Judges, not jailers, should determine when prisoners walk free. But that is not always the case at the Salt Lake County Jail.

A unique program, driven by overcrowding, has led jail officials to manage the facility's population by means that include early releases. Inmates do not merely walk free, but are assigned to work programs or required to be at home. Electronic monitoring is the norm.That is well, but there may be reasons those people should be behind bars that jail officials don't know about.

When a judge imposes a sentence, he or she considers options other than incarceration, including home confinement and electronic monitoring. Those choices are available through the Department of Corrections' Adult Probation and Parole programs.

A judge decides jail is necessary based upon several criteria such as rehabilitation, proper punishment, restitution and incapacitation. They are not told who is being released to the work program until it happens. Sometimes offenders are a threat to themselves or someone else. Turning them loose, even with monitoring, could create undue risks.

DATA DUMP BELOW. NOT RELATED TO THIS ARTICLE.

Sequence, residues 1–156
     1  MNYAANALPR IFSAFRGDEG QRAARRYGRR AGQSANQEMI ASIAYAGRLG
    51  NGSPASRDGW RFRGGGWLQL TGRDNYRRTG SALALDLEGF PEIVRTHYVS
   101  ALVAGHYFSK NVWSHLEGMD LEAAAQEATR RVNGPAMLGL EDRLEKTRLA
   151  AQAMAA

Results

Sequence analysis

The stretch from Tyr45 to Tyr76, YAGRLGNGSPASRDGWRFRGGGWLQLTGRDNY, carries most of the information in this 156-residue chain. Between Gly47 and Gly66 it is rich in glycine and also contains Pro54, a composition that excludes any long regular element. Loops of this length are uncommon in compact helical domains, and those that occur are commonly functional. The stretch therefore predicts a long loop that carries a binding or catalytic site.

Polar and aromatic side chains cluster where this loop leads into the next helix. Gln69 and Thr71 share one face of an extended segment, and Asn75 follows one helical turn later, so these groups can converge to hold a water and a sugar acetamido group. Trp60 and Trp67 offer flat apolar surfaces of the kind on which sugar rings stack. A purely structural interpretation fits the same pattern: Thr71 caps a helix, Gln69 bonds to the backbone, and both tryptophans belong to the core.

A key element apparently lacking in all of this is effective communication between jail officials and judges. Everyone must be on the same page to maintain the integrity of the system, to ensure public safety and to retain the confidence of the community. Having law enforcement play a quasi-judicial role without direct judicial involvement undermines all of those.

That does not mean the work program is without merit. It appears to be a viable, safe way to deal with less-dangerous inmates while freeing up desperately needed beds for other offenders. Putting prisoners to work whenever possible compels their contribution to society and helps them assimilate back into the mainstream.

But judges or, preferably, an independent panel or commission akin to the Board of Pardons, should still give authorization and input before releases are granted. That would help avoid potential serious problems from someone being released improperly.